Federal employees who fight fires for a living are grossly underpaid. That fact may have led to the old saying that they are “paid in sunsets.” Wildland firefighters usually battle fires in very remote areas and have opportunities to see sunsets from a wide variety of vantage points that are rarely visited by humans. When they see the sunset, they may have dragged themselves out of a sleeping bag on the ground 14 hours earlier and are dog-tired, dirty, sweaty, thirsty, and *hangry. But if the clouds, smoke, landscape, and sun all cooperate at the right time, they may take a minute to drink some of the last (warm) water they still have while enjoying and saving a mental snapshot of a red sunset enhanced by smoke. And then someone yells “Bump Up,” and they grab their tool again — with that image lingering in their mind. Tomorrow’s shift will be better.
Snow this time of the year can create excellent opportunities for land managers to burn debris piles left over from fuel reduction, thinning, or timber harvesting operations. The snow reduces the chances of the fire creeping out into dry vegetation, and when backs are turned igniting a wildfire.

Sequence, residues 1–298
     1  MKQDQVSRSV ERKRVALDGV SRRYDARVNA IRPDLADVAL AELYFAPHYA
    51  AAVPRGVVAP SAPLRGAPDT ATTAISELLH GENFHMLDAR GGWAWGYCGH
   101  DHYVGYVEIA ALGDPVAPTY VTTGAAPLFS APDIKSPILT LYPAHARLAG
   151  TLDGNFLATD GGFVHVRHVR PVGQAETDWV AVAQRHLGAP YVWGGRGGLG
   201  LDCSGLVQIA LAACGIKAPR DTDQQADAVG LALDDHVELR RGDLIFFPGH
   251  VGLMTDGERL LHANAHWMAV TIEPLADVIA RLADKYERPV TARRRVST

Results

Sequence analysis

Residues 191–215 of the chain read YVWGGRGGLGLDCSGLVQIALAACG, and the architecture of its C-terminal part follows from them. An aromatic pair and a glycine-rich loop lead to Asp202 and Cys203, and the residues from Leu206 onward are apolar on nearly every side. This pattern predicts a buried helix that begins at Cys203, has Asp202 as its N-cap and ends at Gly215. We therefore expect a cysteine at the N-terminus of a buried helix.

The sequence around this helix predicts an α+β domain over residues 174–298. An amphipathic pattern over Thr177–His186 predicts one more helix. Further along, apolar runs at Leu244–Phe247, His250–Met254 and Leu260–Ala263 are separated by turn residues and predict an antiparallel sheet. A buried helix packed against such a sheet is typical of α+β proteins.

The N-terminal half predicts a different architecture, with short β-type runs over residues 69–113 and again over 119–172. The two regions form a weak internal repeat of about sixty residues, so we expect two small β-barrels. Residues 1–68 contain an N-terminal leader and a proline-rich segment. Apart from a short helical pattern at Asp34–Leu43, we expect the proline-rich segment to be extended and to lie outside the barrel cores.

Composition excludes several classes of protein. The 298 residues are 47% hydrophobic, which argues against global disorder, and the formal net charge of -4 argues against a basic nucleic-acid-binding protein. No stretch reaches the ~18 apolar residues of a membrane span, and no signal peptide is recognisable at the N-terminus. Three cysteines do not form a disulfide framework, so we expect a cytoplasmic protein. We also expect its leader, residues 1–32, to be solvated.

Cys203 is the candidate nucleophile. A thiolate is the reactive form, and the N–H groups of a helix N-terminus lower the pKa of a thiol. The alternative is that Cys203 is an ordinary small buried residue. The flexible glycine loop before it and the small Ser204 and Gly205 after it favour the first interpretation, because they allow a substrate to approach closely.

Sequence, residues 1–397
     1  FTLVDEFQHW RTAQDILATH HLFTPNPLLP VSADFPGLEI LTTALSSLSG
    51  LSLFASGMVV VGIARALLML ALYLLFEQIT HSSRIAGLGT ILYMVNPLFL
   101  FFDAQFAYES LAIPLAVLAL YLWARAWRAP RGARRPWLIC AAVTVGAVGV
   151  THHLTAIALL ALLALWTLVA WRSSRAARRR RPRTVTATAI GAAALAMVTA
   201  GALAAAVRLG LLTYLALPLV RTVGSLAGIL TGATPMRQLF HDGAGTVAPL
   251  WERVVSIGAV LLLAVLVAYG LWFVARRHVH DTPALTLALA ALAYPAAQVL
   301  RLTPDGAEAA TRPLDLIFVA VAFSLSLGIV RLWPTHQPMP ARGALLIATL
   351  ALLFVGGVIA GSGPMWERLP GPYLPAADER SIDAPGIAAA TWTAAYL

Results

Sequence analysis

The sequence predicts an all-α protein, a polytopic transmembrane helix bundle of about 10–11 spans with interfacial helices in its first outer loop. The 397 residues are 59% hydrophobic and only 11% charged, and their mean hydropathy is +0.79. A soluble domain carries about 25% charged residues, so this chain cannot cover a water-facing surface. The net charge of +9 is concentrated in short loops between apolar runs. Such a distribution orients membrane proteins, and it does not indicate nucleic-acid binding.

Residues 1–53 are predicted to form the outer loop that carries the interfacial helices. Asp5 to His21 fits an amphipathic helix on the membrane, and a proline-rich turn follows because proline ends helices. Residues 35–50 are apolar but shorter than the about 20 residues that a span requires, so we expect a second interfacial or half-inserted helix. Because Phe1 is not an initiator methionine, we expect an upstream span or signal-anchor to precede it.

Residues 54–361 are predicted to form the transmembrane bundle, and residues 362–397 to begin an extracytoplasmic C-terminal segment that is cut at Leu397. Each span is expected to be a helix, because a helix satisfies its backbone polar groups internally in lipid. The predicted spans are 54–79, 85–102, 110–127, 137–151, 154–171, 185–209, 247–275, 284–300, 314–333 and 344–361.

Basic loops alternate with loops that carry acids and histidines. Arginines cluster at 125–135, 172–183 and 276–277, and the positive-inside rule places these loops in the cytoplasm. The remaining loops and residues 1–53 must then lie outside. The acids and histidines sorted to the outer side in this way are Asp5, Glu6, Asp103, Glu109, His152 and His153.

Like many other parks and forests, the Black Hills National Forest in South Dakota and Wyoming has been burning piles in recent days. In their case, near Sheridan Lake, Deadwood South Dakota, and 10 miles south-southeast of Sundance, Wyoming.
Let’s be careful out there.
*Hangry: bad-tempered or irritable as a result of hunger.
Very strong winds Tuesday morning January 19 blew down numerous large trees in Yosemite National Park causing significant damage to structures and vehicles. Photos show crushed pickup trucks, a damaged front end loader, and an impacted structure. A tree that was adjacent to a road damaged a road and a culvert as the roots tore through the pavement as it blew over. Power lines were also affected.
The park was closed Tuesday and will likely remain closed until Friday morning, the park announced, as employees conduct damage assessments, repair facilities, and clear trees. Thankfully no injuries have been reported as a result of the strong winds.
One of the photos showing a damaged structure was taken at Wawona south of Foresta.
A weather station at Crane Flat north of Forresta recorded a 53 mph wind gust Tuesday morning, while 35 mph gusts occurred at both Wawona and El Portal.
At least 10 small vegetation fires have been reported Monday night and Tuesday morning South of San Francisco in Santa Cruz and San Mateo Counties after strong winds knocked down power lines and trees. At 7:13 a.m. Tuesday CAL FIRE reported that all of their fire engines in Santa Cruz and San Mateo Counties were committed to fires and they were asking for help from other units.
At least four flareups have been detected by satellites inside the perimeter of the CZULightning Complex that burned more than 86,000 acres in August and September between San Gregorio and Santa Cruz, California.
The information below came from the San Mateo-Santa Cruz Unit of CAL FIRE at 12:30 p.m. on Tuesday:
Santa Cruz County